MODULE DESCRIPTION 2017-2018


AUTUMN SEMESTER 20 CREDITS



AAP107 ORIGINS OF HUMANITY



CO-ORDINATOR: KEVIN KUYKENDALL

OTHER TUTORS: PETER DAY, BOB JOHNSTON, PIA NYSTROM, MICHAEL WALLACE


MODULE OUTLINE

What do we understand about the evolutionary history of our own species, Homo sapiens? What do the fossil and archaeological records tell us about our remote ape-like ancestors, or about the early modern human hunters and gatherers that lived in the last 200 thousand years, or those immediately after the last ice age? How and when did the earliest farming populations evolve? This module provides an introduction to these and other questions about the origins of humanity, and introduces the methods used by palaeoanthropologists and archaeologists who study fossil, archaeological, and environmental evidence to investigate the climatic and environmental conditions under which humans and our extinct ancestors lived prior to the development of farming.


BROAD ACADEMIC AIMS AND PRINCIPLES OF THE UNIT

This module aims to:
● introduce students to the fossil and archaeological evidence for the origins of humanity, including the earliest hominids, major evolutionary adaptations leading to the origin of modern humans, and the human hunter-gatherers
● introduce students to the basic principles of geology, taphonomy, and environmental reconstruction used in site analysis and interpretation
● provide students with the historical context and knowledge of the broad themes that are central to the understanding of research about the origins of humanity


MEASUREABLE LEARNING OUTCOMES

By the end of this module students should be able to demonstrate:
● a broad understanding of the study of human origins, and the biological and evolutionary conditions of our species’ existence
● a recognition of the importance of defining and recognising the historical and cultural context in which human origins and hunter-gatherer societies are studied
● an understanding of the key cultural, ecological and biological changes which were responsible for the evolutionary origins of modern human populations and our ancestral species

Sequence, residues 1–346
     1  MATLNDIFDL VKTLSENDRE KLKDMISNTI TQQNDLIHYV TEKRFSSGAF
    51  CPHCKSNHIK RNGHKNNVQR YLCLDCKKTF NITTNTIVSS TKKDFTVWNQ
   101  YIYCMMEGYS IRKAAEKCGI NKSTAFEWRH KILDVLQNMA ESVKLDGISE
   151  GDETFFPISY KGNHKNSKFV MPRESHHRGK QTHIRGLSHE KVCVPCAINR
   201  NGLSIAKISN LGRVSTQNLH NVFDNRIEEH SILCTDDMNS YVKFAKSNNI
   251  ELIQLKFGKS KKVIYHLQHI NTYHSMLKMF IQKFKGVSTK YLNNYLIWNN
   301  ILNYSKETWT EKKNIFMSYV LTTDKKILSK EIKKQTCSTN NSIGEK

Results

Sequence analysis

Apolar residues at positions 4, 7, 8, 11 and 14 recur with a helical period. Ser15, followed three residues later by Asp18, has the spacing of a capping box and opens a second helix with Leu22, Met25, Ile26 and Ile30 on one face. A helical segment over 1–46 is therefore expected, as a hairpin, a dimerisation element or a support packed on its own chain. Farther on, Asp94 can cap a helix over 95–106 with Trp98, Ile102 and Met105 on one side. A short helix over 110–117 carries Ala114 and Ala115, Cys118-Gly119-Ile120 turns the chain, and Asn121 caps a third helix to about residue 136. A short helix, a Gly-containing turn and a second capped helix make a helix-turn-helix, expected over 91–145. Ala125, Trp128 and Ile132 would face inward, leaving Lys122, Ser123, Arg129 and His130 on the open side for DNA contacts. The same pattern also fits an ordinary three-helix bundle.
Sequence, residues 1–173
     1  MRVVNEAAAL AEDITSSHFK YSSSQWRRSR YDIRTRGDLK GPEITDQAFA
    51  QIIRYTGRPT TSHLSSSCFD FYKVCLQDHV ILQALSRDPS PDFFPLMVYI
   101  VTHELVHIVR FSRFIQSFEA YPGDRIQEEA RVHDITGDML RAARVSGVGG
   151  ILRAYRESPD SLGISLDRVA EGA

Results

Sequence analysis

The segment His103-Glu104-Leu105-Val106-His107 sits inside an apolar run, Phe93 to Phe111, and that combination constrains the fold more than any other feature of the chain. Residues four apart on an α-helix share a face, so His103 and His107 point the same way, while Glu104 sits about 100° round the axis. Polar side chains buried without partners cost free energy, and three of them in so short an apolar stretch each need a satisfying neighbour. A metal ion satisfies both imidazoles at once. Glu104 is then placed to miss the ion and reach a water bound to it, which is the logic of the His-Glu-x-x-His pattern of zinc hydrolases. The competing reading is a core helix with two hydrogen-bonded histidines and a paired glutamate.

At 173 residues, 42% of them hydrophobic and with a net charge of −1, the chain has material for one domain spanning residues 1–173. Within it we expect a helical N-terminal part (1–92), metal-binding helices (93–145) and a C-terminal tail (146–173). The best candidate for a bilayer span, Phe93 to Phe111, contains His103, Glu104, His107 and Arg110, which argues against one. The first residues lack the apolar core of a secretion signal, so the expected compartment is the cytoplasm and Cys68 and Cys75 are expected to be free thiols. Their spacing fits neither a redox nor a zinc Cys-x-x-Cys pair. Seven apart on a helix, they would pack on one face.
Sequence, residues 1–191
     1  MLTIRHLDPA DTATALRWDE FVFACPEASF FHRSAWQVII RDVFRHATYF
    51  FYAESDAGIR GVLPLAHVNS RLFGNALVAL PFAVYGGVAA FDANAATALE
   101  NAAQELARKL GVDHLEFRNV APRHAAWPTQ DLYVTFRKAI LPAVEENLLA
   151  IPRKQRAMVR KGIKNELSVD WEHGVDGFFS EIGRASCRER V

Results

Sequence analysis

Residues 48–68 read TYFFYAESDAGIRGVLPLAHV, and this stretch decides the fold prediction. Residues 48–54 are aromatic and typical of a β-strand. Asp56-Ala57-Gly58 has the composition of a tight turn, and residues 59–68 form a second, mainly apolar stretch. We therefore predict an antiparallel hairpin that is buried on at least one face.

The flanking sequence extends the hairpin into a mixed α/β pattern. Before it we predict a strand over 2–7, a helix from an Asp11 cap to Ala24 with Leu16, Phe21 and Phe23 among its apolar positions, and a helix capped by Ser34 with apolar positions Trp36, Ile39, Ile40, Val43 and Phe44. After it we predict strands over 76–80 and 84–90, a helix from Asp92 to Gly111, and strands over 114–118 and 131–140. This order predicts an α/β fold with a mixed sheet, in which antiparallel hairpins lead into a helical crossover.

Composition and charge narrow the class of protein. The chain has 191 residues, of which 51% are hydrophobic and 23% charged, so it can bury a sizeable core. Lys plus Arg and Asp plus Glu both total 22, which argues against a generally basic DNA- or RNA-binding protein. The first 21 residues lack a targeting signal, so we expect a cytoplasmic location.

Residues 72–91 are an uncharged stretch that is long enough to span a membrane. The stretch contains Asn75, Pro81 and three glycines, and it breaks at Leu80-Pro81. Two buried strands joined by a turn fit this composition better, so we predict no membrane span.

● the ability to conduct simple library-based literature searches for relevant material on the material covered in the module
● the opportunity to present their ideas coherently in writing on themes relating to the material covered in the module, and to discuss them with their tutor
● an awareness of the complexity, subtlety and fascination of studying human origins and cultural diversity


PERSONAL DEVELOPMENT SKILLS ACQUIRED

● Library and research skills
● Critical evaluation of disciplinary information
● Developing and writing essays
● Incorporation of feedback for revision and improvement
● Time management and prioritisation of diverse objectives


STUDENT ATTENDANCE AND INDEPENDENT STUDY

Type Hours
Lectures / seminars 20
Tutorials 4
Independent Study (including preparation for assessments) 176

ASSESSMENT

Method % of marks Length / words
Three essays 50% 1000 each
Multiple Choice Examination 50% 1.5 hours

EXAMPLES OF LECTURE/SEMINAR TITLES

  • Aristotle to Darwin - how do we classify apes, monkeys and ourselves?
  • The earliest ancestors: stem hominids to Australopithecus
  • You are what you eat - early hominid diets, modern apes, and hunter-gatherers
  • Walk this way - the evolution of bipedalism
  • Geology, dating, and taphonomy – site interpretation in palaeoanthropology
  • Man the toolmaker - cognitive and behavioural aspects of stone tool use
  • Early Homo in Africa and Asia: Homo habilis and erectus
  • Neanderthals, 'archaics' and early modern humans
  • Out of Africa - Climate change, glacial refugia, and hominid dispersal
  • So you say you want a revolution? The Upper Palaeolithic transition
  • Cave Art and modernity - what defines a 'modern human'
  • Ancient DNA, Neanderthals, and Modern Human Origins (MHO)
  • Death and burial in the Palaeolithic
  • Europe's last foragers: between rising seas and expanding forests
  • Late Glacial-Early Post Glacial foragers and collectos: Franchthi Cave, Ringkloster, and Star Carr
  • Complex hunter-gathers of Mesolithic N Europe: 'progress' or opportunism?
  • Acorns & cereals: from collection to cultivation of plants in the Near East
  • Herding & the emergence of mixed farming in the Near East
  • The domestication of society: village, household & the agricultural transition in the Near East
  • Pots before farming